The Colorado Bee and Bee Products Act

The Colorado Bee and Bee Products Act was originally adopted in 1963.  Between 1963 and 1987, the purpose of the Bee Act and its associated Rules was to inspect beehives statewide for bee diseases and to prevent the spread of bee diseases* from one apiary to another.  CDA required destruction of diseased beehives.   Prior to 1985, inspections were made randomly, except for those beekeepers requesting an inspection in order to get certification for out-of-state shipment of their bees.

In the mid 1980s the Bee Inspection program switched from State funding (tax payer/General fund) to self-funding via registration/licensing fees.  Legislative mandates required that this program, along with several other state regulatory programs, become self-funded.    In 1987 the Bee Advisory committee began advocating for the decrease in registration fees, and the beekeeper inspection program began operating on a very limited basis.  Routine inspections were discontinued in 1987.   The number of licensed bee keepers decreased from 380 in 1987 to 12 in 1988.  Finally, in 1990 the registration fees were eliminated and the program has been unfunded ever since.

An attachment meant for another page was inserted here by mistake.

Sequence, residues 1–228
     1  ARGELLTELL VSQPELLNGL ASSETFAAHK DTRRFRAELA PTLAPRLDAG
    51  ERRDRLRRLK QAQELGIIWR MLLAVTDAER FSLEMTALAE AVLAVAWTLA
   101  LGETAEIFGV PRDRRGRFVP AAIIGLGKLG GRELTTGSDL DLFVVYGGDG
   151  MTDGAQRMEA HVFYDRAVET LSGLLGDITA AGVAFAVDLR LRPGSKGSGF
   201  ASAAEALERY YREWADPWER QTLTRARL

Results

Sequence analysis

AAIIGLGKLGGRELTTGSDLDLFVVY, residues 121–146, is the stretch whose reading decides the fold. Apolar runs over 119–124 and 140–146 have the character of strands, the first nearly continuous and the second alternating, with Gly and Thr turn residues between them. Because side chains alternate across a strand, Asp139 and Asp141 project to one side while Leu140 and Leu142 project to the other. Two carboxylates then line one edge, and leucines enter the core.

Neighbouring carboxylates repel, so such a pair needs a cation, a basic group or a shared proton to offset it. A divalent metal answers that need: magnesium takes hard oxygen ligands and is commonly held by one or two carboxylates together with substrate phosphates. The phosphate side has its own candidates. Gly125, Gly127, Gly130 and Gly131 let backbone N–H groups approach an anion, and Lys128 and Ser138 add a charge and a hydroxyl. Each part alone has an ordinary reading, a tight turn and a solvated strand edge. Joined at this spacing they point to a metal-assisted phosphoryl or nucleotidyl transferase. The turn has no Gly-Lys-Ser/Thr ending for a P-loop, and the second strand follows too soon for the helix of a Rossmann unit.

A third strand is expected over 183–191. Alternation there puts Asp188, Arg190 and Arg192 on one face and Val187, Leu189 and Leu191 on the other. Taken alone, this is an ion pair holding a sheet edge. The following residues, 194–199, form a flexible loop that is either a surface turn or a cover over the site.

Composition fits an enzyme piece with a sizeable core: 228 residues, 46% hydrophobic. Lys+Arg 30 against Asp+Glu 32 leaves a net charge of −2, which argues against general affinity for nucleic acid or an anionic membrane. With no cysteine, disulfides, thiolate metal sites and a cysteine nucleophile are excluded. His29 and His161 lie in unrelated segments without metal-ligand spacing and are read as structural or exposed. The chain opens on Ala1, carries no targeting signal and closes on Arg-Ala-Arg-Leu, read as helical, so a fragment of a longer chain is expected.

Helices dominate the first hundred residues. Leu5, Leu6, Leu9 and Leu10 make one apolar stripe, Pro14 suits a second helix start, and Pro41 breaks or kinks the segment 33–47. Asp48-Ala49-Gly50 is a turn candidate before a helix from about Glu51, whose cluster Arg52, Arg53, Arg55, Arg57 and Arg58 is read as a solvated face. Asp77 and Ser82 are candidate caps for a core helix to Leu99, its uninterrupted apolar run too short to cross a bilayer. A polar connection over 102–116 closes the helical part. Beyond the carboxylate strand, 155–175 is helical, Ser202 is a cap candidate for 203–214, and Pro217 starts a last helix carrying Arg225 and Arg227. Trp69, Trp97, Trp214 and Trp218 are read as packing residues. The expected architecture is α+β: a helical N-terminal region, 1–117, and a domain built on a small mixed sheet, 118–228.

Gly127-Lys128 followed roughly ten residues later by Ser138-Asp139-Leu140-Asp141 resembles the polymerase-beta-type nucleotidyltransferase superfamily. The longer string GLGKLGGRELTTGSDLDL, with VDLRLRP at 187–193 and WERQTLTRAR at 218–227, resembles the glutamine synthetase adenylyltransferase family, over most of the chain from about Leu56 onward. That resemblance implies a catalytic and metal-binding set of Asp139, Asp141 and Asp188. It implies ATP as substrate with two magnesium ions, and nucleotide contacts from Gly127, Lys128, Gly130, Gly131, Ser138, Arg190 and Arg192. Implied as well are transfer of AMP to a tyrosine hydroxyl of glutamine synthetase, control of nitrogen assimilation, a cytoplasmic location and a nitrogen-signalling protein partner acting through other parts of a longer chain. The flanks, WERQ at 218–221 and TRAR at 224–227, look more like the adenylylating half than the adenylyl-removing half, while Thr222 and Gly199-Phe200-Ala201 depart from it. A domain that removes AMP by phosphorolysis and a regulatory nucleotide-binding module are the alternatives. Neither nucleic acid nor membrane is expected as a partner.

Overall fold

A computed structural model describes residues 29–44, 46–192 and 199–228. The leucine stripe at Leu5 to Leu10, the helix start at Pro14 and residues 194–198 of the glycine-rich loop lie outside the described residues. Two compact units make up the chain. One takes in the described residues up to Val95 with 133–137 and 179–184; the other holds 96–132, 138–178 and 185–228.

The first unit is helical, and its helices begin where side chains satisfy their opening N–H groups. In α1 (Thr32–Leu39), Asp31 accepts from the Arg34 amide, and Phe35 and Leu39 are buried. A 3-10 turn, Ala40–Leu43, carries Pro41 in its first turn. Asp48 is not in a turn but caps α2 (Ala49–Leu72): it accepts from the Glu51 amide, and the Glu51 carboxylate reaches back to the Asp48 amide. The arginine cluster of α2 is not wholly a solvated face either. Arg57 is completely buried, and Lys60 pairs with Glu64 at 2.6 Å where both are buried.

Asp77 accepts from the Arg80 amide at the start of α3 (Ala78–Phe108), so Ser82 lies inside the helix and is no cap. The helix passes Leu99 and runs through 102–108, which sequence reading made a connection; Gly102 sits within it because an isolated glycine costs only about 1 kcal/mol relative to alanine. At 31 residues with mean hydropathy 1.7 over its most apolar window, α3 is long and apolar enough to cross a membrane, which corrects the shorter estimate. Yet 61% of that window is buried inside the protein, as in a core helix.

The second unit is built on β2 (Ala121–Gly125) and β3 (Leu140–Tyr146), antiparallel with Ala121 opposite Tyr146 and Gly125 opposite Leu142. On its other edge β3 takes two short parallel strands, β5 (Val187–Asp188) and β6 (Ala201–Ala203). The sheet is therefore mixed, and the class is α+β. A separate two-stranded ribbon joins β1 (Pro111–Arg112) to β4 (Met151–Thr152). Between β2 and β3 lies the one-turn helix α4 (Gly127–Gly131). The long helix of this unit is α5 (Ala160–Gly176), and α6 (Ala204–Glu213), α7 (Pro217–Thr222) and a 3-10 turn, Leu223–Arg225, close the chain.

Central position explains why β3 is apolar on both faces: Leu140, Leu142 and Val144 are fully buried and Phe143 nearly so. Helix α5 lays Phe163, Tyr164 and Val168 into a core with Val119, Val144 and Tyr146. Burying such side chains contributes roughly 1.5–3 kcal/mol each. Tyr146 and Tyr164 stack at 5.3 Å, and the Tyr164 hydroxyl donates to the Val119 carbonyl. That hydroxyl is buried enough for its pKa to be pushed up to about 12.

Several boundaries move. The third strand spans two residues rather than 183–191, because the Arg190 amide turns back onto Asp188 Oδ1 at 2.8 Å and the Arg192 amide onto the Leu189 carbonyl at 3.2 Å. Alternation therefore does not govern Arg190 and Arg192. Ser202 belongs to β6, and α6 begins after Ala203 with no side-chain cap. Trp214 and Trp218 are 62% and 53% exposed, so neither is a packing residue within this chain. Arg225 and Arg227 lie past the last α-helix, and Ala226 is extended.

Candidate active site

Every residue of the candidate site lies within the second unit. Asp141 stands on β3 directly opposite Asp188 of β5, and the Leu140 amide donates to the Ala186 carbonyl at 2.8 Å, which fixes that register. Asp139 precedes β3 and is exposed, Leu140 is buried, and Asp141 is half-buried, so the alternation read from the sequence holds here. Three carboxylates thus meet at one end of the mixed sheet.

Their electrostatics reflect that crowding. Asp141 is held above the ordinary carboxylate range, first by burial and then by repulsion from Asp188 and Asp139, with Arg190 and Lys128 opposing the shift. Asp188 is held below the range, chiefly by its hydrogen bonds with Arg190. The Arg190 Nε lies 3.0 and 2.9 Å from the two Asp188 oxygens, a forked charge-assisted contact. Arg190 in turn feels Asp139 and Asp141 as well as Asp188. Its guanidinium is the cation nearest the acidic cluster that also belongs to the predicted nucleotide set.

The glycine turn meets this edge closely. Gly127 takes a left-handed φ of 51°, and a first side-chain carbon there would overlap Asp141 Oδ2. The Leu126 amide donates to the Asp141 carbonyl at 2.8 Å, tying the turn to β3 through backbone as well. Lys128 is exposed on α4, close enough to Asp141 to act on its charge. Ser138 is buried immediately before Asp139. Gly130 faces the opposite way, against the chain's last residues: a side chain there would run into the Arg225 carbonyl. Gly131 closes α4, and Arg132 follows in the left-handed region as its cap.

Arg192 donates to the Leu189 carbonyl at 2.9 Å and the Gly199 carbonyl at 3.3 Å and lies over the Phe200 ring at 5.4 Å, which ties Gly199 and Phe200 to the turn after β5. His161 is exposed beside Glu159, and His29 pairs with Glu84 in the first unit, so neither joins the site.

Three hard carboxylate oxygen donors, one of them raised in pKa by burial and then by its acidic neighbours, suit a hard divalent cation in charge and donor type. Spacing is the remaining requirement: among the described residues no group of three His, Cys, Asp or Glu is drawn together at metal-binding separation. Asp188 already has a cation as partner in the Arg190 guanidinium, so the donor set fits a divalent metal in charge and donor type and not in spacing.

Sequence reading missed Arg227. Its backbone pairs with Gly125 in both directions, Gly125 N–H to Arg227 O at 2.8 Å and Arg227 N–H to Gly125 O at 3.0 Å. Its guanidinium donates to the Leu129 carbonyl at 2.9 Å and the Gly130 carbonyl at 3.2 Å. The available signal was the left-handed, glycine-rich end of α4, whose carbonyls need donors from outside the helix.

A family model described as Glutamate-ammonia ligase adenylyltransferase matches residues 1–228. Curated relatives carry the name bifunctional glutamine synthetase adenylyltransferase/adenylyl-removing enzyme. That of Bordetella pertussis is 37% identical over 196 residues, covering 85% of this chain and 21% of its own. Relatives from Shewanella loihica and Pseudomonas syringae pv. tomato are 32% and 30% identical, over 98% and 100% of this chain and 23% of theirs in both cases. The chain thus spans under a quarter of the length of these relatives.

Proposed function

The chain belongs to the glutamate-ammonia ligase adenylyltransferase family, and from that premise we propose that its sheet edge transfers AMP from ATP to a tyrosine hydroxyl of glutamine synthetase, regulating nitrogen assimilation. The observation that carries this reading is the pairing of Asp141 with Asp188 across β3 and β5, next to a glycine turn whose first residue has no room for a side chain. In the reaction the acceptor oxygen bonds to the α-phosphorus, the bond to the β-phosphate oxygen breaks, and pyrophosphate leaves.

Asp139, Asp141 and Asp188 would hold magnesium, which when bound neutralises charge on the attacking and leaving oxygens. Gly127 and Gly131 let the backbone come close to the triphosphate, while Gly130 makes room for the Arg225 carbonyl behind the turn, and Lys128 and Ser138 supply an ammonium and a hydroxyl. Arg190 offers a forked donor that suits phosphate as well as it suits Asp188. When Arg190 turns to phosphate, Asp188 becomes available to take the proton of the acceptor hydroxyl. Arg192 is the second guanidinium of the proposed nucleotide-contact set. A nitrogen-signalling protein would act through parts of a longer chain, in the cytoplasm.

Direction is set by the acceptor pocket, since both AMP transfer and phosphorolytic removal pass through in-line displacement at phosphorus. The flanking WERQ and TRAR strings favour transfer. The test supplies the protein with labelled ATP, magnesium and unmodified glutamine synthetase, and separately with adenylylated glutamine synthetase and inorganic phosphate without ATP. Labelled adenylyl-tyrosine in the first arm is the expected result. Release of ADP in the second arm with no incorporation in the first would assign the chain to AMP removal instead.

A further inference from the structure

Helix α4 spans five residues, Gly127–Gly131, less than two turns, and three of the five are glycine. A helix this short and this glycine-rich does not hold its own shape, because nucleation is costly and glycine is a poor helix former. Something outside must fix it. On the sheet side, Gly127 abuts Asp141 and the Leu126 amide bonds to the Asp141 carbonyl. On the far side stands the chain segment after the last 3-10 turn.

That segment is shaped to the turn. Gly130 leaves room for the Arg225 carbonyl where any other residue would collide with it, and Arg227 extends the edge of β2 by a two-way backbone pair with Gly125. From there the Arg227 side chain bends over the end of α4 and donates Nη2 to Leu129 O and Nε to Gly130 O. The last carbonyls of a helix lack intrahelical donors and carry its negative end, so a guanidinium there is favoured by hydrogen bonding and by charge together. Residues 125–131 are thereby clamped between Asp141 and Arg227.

Hive Inspections

 

Currently, inspection of apiaries is only conducted at the request of a beekeeper to meet export certification required by another state.  The beekeeper is responsible for all costs associated with a requested inspection.

 

Links to some local government bee laws and ordinances

 

Registration of bee hives in Colorado is not required by state government. Check with local municipalities or county government for local bee keeping laws and ordinances.

 

Back to the main Apiary page


*Contagious Diseases are defined in Rule (8CCR 1203-4 I.) as American foul brood, European foul brood, Varroa jacobsoni, and  Acarapis woodi.